SAN FRANCISCO - Ever since the advent of AlexNet and deep learning took the computer vision world by storm in 2012, opportunists have been looking for ways to implement the technology within the healthcare space. While some look under the surface, be it DICOM international medical imaging information standard images of X-rays, or whole-slide imaging of pathology, others look at surface level issues that might represent more than meets the eye.
The accessibility of smartphones and portable imaging has ushered in a wave of effort in computer vision to examine problems that can be solved with a clear view of the skin. In areas such as skin cancer, wound care - and even infectious diseases - computer vision AI represents a new tool for an old challenge.
Much of the work in detection of skin-based pathophysiology aided by computer vision artificial intelligence (AI) has focused on melanoma, and for good reason. AI systems rely on large quantities of data to train better models and cover edge cases as needed. As cases of melanoma and other skin cancers continue to rise, institutions and researchers across the world have been adeptly curating image datasets to create computer vision systems. AI applications are preliminarily successful at distinguishing between benign and malignant skin lesions.1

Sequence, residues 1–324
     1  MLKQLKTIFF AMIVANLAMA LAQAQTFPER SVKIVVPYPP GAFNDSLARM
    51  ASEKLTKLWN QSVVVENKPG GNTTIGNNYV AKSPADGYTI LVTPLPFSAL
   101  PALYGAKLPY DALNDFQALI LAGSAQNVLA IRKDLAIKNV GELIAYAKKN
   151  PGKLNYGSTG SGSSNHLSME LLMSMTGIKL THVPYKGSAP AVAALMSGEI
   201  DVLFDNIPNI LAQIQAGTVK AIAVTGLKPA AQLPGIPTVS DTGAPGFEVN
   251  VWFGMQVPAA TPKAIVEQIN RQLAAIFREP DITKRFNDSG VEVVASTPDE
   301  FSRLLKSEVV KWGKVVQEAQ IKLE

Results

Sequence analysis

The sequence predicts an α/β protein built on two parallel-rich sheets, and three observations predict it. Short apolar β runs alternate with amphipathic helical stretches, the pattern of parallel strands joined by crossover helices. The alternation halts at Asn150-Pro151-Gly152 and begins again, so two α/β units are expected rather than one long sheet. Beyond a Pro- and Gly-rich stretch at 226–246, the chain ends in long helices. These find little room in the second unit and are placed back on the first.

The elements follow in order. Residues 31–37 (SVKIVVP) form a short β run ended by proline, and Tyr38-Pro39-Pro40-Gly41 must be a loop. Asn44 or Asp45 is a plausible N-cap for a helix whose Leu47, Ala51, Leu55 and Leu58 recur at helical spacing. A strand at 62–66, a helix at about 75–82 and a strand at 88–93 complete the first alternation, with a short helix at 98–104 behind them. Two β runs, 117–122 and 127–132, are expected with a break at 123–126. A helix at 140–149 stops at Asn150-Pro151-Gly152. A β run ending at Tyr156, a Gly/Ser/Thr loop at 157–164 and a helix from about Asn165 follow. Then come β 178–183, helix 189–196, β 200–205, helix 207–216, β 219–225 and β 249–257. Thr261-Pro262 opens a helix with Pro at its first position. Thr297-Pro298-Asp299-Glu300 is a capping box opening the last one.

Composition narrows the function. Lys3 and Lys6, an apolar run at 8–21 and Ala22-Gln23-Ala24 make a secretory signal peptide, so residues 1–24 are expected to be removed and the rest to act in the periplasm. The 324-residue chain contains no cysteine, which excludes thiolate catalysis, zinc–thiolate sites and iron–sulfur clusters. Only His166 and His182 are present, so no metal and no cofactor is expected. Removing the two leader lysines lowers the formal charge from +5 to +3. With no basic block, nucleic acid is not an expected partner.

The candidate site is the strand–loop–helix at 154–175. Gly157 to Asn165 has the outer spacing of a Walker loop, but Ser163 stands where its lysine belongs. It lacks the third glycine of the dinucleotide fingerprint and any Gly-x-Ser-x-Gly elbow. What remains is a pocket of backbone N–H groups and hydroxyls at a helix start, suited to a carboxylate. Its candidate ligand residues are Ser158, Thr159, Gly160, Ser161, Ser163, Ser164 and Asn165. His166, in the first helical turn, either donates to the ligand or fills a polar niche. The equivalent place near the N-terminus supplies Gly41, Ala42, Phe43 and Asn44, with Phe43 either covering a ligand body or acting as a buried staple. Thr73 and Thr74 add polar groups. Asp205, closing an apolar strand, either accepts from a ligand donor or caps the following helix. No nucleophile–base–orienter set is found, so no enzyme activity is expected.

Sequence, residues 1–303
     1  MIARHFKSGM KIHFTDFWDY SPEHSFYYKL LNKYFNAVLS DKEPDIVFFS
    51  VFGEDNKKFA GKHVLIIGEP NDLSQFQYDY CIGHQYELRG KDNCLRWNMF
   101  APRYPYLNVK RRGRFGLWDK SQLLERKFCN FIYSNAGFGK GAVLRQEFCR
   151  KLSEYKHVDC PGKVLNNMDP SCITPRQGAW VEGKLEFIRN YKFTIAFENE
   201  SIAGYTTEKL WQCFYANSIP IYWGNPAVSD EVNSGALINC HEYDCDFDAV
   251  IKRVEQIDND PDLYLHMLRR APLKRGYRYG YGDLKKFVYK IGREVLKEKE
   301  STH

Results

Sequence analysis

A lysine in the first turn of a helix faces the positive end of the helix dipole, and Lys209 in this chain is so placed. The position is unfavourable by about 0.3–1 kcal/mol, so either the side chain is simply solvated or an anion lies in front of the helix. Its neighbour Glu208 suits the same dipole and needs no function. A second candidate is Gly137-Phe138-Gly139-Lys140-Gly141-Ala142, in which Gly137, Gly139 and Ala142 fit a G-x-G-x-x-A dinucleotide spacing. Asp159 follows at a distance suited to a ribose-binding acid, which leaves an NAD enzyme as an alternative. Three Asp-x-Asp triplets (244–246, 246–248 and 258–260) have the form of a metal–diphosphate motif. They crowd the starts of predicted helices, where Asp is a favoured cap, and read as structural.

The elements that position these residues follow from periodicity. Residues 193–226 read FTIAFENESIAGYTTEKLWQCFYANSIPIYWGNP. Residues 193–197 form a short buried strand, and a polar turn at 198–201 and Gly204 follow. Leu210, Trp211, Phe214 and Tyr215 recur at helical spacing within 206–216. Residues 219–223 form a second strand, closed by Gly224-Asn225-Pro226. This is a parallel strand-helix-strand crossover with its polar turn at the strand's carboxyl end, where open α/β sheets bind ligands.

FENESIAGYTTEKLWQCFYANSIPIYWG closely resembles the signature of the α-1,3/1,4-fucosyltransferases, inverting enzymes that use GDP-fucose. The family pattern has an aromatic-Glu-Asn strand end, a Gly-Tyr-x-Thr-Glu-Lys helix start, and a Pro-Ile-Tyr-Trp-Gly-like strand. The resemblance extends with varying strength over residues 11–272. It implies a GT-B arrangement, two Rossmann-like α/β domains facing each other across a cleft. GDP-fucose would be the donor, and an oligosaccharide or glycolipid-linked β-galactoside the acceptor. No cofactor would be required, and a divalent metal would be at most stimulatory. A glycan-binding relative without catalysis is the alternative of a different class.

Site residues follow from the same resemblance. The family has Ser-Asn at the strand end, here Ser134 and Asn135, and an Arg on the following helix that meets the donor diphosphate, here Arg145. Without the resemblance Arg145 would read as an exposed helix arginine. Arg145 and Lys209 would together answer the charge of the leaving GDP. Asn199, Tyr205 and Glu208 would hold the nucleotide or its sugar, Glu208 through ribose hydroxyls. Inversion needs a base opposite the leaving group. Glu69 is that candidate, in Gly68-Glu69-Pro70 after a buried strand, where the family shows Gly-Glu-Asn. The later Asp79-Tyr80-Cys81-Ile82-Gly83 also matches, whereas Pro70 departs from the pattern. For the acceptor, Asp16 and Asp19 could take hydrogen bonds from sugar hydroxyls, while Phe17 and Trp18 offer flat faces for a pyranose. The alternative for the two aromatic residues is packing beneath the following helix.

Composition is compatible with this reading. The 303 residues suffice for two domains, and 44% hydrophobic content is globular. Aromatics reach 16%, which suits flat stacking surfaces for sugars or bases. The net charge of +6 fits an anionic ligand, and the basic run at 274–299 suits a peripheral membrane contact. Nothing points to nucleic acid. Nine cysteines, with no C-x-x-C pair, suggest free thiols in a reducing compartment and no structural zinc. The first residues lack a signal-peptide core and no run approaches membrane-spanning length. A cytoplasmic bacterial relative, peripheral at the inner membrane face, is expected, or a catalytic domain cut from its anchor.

These AI systems can often look at more than 60 distinct features to predict disease classification. Thanks to the architecture of deep learning systems, neural net models can absorb these features and tune their weights appropriately to help predict the likelihood of a particular pathophysiology classification. The mean sensitivities of nearly 50 different commercially available technologies for this type of screening hover around 88 percent. Interest in this area has grown exponentially, to the point that international skin imaging competitions were founded in 2016 and have been ongoing ever since, with the aim of encThe content herein is subject to copyright by The Yuan. All rights reserved. The content of the services is owned or licensed to The Yuan. Such content from The Yuan may be shared and reprinted but must clearly identify The Yuan as its original source. Content from a third-party copyright holder identified in the copyright notice contained in such third party’s content appearing in The Yuan must likewise be clearly labeled as such.